Daily Archives: February 10, 2011

Holistic education: A thought experiment

I’ve been pondering a lot about education and what it should look like. As I thought about how I would sum up my idea of what education should be in a few words, I instantaneously thought, “holistic education!” Now, despite my attempts, I can’t get the phrase “holistic education” out of my head. To me, it represents so many things that ought to be but aren’t in higher education. Just to give a little peak into the thought that my mind is exploding with, here’s a few technical definitions for you from Merriam Webster’s dictionary:

  • Holistic: relating to or concerned with wholes or with complete systems rather than with the analysis of, treatment of, or dissection into parts <holistic medicine attempts to treat both the mind and the body> <holistic ecology views humans and the environment as a single system>
  • Holism: a theory that the universe and especially living nature is correctly seen in terms of interacting wholes (as of living organisms) that are more than the mere sum of elementary particles

I think these definitions merit a pause, a brief reflection, if you will. Imagine an educational systems where everything is “correctly seen in terms of interacting wholes that are more than the mere sum of elementary particles [parts].” When I talk about interacting wholes I mean everything. I mean courses, ideas, communities! What if undergraduates, graduate students, faculty members, librarians, and administration all worked together to form a holistic community of thinkers? What if courses all complemented each other and students didn’t have to learn in boxes? What would that world look like?

I’ll tell you. Well, I’ll tell you in part with a few of my own experiences in getting a glimpse of this. It would be all of the above individuals interacting as equal wholes with different skill sets. The faculty members could move and shape and coach things into being. The graduate students, with their young hungry minds, could implement and create and interact. The undergraduates could react and act again. They would be the huge sounding board for these ideas.  What was once mere ideas would become realities in the student community. Administrative staff would encourage and implement programs that sought out new, effective ways of learning. And librarians, well, they’d be awesome at implementing research and excitement and new tools. It would be glorious.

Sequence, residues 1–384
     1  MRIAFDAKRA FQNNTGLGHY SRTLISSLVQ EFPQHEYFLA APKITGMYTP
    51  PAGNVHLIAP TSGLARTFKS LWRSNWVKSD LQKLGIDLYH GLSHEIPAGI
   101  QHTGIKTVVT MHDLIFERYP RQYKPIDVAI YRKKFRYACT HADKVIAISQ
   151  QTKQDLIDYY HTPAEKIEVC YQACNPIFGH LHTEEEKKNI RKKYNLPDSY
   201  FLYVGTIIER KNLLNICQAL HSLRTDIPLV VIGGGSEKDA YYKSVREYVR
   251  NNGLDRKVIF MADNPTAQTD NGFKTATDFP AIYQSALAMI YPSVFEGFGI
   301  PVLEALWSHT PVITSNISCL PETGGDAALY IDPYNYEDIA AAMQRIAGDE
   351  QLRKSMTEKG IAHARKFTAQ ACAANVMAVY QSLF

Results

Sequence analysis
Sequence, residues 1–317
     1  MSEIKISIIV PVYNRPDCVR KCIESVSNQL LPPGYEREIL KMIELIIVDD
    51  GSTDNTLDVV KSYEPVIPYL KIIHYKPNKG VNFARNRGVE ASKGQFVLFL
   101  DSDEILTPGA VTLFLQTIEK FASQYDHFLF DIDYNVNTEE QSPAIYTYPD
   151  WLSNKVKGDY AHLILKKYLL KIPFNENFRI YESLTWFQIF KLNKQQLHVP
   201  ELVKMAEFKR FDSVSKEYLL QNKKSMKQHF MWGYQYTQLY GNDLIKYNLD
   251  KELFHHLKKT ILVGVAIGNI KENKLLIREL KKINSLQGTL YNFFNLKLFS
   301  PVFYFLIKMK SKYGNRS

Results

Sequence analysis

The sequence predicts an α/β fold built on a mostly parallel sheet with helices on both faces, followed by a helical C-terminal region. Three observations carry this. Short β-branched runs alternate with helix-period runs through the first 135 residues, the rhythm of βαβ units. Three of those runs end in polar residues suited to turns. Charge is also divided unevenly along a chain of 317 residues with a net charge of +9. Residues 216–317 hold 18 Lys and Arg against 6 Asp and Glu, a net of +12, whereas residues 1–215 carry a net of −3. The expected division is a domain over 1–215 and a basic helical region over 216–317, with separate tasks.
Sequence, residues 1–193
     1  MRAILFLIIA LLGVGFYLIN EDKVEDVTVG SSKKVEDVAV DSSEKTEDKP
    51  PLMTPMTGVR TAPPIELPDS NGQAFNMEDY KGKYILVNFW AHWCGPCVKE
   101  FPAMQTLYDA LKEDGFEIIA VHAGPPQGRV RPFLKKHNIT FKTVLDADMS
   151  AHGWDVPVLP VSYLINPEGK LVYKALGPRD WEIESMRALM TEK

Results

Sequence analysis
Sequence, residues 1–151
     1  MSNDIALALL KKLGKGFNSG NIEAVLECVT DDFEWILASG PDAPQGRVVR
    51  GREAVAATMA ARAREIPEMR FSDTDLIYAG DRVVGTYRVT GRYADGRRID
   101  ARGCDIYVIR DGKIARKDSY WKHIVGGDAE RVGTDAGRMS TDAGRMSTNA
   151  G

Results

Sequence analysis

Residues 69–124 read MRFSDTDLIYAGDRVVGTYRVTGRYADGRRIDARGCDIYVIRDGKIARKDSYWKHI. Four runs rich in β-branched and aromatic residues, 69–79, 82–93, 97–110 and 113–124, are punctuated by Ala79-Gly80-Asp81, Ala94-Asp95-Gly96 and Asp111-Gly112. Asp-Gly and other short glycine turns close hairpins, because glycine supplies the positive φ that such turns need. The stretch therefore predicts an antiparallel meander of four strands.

On the course level, classes would no longer be Statistics 101, Biology 102, this elective here, this specialty there. NO. The university would be a place where constant connections were being made and in which every class could somehow inform and complement others, no matter the field. Students would begin to think holistically. They would think not about how they must memorize this formula or write that term paper, but rather how this formula informs them about the world they live in and that term paper would be about something they are passionate about learning more about and forming thoughts about.

Think I’m delusional? Fair enough. But I’ve seen glimpses of this in my own experience in the university. For instance, when I was an undergraduate, I was part of a program at Baylor University called the Baylor Interdisciplinary Core (BIC). The BIC provides a holistic approach to education. In it, students meet their core requirements by taking a series of courses that are designed to be integrated. Philosophy connecting to art connecting to history to political science to math to science and everything in between. The BIC teaches you how to make connections between the knowledge you are acquiring and forces you to get outside of the classroom to implement that knowledge (quite literally – they take several field trips). In the BIC, my learning came alive! And not only was my curriculum holistic, so was my learning community. At the time I didn’t fully understand the depths of it, but all of the BIC faculty members called us, the students, their colleagues. They did this because they viewed us as intellectual peers who had something valuable to add to the classroom. We MUST stop treating students as if they are only their to glean our wisdom. Rather, we must see them for what they are or at least should be – the life and heartbeat of any campus. Once we do that, we can begin to learn so much from our students.

Let’s take this thought experiment even farther. Universities communities should not be limited to one’s own university. Rather, universities should be connecting to other universities in a way that creates a weblike fusion of connections. Networking. The internet. Connections. These are important to the progression of the educational field. We must learn to collaborate and connect with those in other places so that we can take the most holistic approach to education. I can learn something entirely different from my peers at my university, those from East Asia, those from a liberal campus, those from a conservative campus, those in the Middle East, and even the community colleges in my own city.

I’m entirely aware that my thoughts may seem too idealistic. I would tend to agree with you, especially since I often think of myself as a realist. But I’ve seen this model work effectively in small pockets time and time again, and I think it’s about time we start to bring it to the forefronts of education and the university. So I ask, “Why do we settle for so little in education when we could achieve so much?” Certainly there are several barriers to overcome. I do not mean to downplay those. But we need individuals fighting for a change in the often rigid texture of university life. If my time in BIC taught me anything, it’s that learning is a fun, thrilling adventure when people let you explore. And great change never came from retaining the status quo just because it was already there.